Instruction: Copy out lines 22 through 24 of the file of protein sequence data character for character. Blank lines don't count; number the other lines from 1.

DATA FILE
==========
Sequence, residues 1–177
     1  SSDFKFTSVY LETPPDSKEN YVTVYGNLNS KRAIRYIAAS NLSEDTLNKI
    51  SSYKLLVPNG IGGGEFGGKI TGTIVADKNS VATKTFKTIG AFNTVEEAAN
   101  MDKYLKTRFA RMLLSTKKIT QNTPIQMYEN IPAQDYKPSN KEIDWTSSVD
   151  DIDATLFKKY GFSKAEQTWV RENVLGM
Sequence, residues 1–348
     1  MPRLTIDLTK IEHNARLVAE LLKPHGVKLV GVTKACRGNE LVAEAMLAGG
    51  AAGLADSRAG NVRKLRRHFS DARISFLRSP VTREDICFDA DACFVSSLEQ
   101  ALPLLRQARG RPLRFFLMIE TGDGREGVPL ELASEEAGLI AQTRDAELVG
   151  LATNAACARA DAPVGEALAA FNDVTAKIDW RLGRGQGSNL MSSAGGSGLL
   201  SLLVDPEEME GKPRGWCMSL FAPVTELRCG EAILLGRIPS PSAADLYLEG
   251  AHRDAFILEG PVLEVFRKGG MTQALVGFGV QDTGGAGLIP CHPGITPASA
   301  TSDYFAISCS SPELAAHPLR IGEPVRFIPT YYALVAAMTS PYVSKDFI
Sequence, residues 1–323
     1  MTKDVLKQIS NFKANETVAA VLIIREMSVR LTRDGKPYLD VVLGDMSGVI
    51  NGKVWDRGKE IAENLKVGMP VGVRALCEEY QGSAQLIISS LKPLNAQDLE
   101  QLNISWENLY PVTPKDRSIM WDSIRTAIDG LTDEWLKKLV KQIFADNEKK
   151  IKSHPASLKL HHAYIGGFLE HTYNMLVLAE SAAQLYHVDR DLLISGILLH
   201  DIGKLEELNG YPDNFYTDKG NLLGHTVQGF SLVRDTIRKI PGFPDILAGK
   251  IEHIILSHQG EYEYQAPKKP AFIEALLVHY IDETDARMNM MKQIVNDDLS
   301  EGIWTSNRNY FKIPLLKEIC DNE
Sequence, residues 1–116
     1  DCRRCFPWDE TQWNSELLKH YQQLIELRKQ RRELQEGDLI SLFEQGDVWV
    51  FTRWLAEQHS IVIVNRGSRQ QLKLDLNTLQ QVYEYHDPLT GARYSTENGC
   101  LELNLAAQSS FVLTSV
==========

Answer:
Sequence, residues 1–116
     1  DCRRCFPWDE TQWNSELLKH YQQLIELRKQ RRELQEGDLI SLFEQGDVWV
    51  FTRWLAEQHS IVIVNRGSRQ QLKLDLNTLQ QVYEYHDPLT GARYSTENGC